A proposed duplex can be built on an empty lot at 321 W. Irvine Ave., with unanimous support on November 29 from the Saint Paul Heritage Preservation Commission (HPC). Developer Rashad Kennedy has agreed to meet 12 conditions on the project. It is the first dwelling to be built in that part of the Summit-University neighborhood in several years.

HPC approval of the building plans is required because Irvine Avenue is in the Historic Hill District. The street is in a small neighborhood below the Summit Avenue bluff. Building in the area is impacted by the area’s steep slope, water runoff and erosion. Some neighbors have had mudslides onto their properties in the past.

Irvine Avenue
The front view of Rashad Kennedy’s new design for a duplex with attached garages at 321 W. Irvine Ave.

Kennedy’s original plans were reviewed by the HPC in September. Commissioners criticized the design at that time, saying it did not fit with other homes in the area and failed to meet historic guidelines.

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He reworked his plans for the duplex, including changes to the roofline. The building will be 40 feet tall, which is the maximum height for the area, said city heritage preservation supervisor George Gause.

Smooth lap siding and shake shingles are proposed, and a new window design was chosen. A garage would face the front, with two stories of living space above. The building will be built into the slope, and will have a third-story stepback to minimize its massing.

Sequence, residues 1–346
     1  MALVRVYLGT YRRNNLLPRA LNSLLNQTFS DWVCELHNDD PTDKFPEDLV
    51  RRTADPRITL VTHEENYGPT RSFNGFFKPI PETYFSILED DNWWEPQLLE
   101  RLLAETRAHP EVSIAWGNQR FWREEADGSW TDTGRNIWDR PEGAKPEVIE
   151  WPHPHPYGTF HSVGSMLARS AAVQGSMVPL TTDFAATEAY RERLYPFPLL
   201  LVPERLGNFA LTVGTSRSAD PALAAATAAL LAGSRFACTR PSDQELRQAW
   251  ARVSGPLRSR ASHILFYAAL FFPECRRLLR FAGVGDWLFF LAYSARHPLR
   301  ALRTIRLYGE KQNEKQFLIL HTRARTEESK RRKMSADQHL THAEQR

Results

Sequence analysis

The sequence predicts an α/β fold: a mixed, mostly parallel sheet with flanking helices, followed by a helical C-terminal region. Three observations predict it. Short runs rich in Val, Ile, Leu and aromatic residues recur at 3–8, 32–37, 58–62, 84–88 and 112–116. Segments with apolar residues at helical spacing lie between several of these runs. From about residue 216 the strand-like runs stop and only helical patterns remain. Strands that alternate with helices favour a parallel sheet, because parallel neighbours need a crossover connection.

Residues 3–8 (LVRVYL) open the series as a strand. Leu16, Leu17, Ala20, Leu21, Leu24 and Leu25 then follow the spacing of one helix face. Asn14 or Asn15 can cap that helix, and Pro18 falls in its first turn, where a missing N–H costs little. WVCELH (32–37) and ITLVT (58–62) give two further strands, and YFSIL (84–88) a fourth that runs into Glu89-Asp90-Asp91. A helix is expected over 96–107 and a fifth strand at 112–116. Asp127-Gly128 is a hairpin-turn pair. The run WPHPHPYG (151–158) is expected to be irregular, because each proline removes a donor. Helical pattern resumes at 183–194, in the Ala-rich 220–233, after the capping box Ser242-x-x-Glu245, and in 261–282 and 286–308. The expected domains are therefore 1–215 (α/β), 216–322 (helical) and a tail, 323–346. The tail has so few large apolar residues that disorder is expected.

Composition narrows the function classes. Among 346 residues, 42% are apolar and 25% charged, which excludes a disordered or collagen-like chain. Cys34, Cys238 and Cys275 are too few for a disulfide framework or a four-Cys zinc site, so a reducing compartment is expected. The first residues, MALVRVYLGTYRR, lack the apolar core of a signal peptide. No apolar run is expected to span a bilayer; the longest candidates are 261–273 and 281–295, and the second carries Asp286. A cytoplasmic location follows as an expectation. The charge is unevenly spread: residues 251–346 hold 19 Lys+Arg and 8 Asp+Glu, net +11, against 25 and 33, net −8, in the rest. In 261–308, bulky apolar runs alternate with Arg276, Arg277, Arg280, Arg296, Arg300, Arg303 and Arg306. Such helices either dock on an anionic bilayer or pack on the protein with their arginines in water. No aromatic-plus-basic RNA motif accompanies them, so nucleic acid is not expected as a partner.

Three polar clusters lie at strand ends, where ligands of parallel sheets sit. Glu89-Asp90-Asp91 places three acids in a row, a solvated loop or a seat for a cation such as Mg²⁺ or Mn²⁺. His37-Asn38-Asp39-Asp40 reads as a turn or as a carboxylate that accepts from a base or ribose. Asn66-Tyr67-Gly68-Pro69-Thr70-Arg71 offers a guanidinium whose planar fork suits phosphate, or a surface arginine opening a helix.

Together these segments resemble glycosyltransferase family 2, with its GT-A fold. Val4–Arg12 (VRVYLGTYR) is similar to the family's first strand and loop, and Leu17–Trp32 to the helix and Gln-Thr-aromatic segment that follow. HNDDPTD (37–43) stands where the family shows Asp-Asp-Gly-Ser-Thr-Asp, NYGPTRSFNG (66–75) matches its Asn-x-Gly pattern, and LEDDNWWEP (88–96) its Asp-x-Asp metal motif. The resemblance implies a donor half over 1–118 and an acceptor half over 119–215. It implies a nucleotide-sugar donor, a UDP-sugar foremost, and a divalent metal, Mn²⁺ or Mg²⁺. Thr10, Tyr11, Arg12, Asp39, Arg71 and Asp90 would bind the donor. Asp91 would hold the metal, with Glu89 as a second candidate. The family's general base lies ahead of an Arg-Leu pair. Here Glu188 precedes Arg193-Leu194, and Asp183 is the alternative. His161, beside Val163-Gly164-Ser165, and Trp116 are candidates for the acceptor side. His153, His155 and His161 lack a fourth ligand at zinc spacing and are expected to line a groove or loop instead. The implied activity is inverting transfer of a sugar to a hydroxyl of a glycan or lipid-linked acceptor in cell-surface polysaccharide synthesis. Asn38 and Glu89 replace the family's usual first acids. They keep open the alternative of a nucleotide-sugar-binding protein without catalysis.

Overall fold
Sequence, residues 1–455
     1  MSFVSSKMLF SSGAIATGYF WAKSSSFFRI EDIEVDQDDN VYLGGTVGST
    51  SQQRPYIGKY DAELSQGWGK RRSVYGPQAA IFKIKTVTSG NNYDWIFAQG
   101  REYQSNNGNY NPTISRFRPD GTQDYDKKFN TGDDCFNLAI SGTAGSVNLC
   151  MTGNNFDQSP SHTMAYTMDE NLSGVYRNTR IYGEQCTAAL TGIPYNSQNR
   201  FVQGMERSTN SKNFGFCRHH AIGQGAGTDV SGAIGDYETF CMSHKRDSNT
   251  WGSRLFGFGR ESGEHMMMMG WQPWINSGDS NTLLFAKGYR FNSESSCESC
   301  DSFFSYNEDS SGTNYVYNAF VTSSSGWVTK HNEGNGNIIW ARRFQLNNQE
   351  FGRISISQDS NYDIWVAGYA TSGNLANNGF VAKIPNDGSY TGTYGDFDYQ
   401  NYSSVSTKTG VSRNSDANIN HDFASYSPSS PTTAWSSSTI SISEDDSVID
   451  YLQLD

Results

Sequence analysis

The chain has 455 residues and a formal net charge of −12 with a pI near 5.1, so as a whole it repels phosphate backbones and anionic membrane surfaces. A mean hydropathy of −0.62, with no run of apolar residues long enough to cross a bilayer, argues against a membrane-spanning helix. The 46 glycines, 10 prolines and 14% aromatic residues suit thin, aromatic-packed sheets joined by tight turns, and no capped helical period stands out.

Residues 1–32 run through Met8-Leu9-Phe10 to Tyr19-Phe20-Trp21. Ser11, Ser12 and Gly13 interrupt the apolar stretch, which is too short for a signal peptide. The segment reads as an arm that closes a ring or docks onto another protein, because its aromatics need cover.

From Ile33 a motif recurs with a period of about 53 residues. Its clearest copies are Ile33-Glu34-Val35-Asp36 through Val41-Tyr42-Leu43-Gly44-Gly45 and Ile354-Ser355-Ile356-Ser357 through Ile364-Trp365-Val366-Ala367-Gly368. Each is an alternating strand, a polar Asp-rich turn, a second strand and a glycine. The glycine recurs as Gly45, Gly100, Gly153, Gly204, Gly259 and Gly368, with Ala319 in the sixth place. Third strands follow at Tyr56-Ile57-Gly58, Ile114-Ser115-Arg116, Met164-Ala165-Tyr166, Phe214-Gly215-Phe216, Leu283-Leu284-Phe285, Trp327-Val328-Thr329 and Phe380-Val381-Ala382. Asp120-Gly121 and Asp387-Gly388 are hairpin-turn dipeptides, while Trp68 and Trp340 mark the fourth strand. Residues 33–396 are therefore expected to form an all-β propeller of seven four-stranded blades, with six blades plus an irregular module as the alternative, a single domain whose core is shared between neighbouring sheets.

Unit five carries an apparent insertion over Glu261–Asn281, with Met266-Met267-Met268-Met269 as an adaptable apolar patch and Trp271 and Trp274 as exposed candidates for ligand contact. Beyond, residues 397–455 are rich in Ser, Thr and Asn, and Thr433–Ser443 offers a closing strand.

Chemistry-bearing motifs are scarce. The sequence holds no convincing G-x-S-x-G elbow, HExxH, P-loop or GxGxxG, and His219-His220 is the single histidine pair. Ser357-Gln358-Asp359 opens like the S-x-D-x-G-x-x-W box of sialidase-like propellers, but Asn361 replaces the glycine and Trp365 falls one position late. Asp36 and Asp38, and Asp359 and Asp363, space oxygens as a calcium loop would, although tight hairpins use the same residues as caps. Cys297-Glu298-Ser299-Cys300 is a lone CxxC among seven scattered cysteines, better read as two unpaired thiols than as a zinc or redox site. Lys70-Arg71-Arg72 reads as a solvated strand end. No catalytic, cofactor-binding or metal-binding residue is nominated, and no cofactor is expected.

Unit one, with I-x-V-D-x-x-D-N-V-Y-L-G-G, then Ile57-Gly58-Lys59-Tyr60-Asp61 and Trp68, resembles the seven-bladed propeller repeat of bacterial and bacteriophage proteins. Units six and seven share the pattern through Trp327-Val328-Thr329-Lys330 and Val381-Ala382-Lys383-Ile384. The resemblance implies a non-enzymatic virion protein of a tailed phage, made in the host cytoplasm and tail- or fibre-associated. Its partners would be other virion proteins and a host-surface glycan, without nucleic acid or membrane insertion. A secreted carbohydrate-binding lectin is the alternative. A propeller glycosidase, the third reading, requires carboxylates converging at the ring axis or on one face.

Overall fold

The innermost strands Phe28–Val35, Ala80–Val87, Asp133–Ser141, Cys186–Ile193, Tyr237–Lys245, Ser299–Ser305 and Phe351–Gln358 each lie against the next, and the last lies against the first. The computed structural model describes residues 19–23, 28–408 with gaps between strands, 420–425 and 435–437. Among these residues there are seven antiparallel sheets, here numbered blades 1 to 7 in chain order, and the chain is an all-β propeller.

Commissioners praised the new design and Kennedy’s willingness to make changes. “I pretty much redid the whole exterior to meet the guidelines,” he said.

Commissioners praised the new design and Kennedy’s willingness to make changes. “I pretty much redid the whole exterior to meet the guidelines,” he said.

HPC members raised questions about Kennedy’s plans for two double garage doors. He said he would look into the feasibility of using single doors. Commissioner Stuart MacDonald said another option is to have double doors designed to mimic the appearance of single doors.

The commission added a condition on garage door design. The other 11 conditions deal with historic district guidelines, including ones that involve siding, roof materials, windows and other details.

Commissioners only heard from a few residents. One neighbor expressed concern about the new duplex casting a shadow over her building. Another concern was regarding the fate of retaining walls on the site. The wall in front of the property will be removed, while the one in the back could be rebuilt. Neighbors would like to see that back wall not be too large and not be made of plain cinderblock.

Gause said the HPC is limited to having input on a wall’s appearance. Engineering details would be hammered out during the site plan review by city staff. Water runoff flowing through the backyard will also have to be addressed.

The property was part of 322 Summit, but was rezoned in 2003 as part of the Irvine Avenue Development Plan. Properties were downzoned because of the steep and narrow street’s inability to handle more traffic, lack of on-street parking, and a desire to minimize development on steep slopes where water runoff and erosion created ongoing problems.

The Summit-Irvine lot was split in 2009. Several developers have eyed the lot since then. One shelved idea was for a single-family home. A second developer in 2019 had the property rezoned from single-family to townhouse use, with plans to build two townhouses there.

— Jane McClure

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